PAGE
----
PhD in English

Carleton’s PhD program, The Production of Literature, is devoted to the study of the production, circulation, and reception of texts within and across established fields, historical periods, and genres. It addresses questions about what people understand by the idea of literature in different times and places, and why it matters; about who should have access to literature, either as readers or writers; about the power of literature to forge communities, and in doing so, to be a force for change; and about how these issues are mediated by the shaping influence of broader legal, technological, political, and social contexts.

Carleton’s PhD program recognizes the shaping power of cultural context for understanding the production of literature. It accommodates the rich inquiry opened up by book history, an interdisciplinary movement which investigates the book as a sociological object embedded in material practices, technological apparatuses, and everyday narratives. Studying social conditions across the spectrum of manuscript, print, and digital cultures enables us to understand how each historical moment constructs author, text, and reader differently. Carleton’s PhD encourages students to explore issues of literary production, circulation, and reception, and to consider the ways in which readers and writers modify their consumption of texts according to various social circumstances.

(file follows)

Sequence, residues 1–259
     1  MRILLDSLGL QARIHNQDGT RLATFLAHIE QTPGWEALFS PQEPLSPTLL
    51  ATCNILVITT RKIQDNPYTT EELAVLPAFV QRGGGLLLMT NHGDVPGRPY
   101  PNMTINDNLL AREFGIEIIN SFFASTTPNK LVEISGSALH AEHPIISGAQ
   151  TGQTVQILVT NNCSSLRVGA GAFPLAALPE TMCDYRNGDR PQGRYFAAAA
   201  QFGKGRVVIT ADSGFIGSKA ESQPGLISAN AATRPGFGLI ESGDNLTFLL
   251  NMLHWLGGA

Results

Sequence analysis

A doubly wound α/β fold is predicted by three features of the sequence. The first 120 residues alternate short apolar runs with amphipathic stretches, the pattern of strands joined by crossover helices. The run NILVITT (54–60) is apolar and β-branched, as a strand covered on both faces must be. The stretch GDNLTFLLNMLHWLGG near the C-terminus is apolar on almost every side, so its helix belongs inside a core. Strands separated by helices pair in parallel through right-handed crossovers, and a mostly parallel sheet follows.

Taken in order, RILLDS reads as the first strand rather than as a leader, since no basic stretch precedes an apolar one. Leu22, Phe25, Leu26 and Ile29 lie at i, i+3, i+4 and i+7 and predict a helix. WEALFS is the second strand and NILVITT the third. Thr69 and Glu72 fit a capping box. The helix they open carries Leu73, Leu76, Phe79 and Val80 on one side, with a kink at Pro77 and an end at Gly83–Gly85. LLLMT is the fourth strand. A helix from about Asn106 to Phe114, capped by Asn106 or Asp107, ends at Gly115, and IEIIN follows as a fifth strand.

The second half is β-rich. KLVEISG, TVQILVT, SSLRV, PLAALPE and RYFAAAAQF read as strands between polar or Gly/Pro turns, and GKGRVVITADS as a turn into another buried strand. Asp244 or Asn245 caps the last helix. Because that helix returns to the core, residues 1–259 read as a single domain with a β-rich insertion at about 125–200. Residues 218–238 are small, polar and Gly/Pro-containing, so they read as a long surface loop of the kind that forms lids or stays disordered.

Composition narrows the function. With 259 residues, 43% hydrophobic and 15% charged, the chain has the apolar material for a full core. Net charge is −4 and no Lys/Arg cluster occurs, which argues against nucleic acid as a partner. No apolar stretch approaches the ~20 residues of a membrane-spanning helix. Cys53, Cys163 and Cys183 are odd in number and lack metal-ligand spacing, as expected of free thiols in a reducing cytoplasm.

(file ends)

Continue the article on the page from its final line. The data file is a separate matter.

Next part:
And yet, as the title of the PhD program is meant to suggest, literature not only is produced by culture, but also produces culture. Traditional scholarship regarded literature as interacting with the world in a narrowly mimetic fashion. With the advent of critical theory, the discipline of English studies now acknowledges literature’s involvement in producing and reproducing ideology. We cannot divorce the question of literature’s material conditions from its contribution to politics and the social imaginary–the ways in which a culture constructs subjectivity through gender, race, and class. Carleton’s PhD encourages students to interrogate literature’s complicity in and resistance to power relations, whether on a national, colonial, or global level.

For more information about our doctoral program click here.


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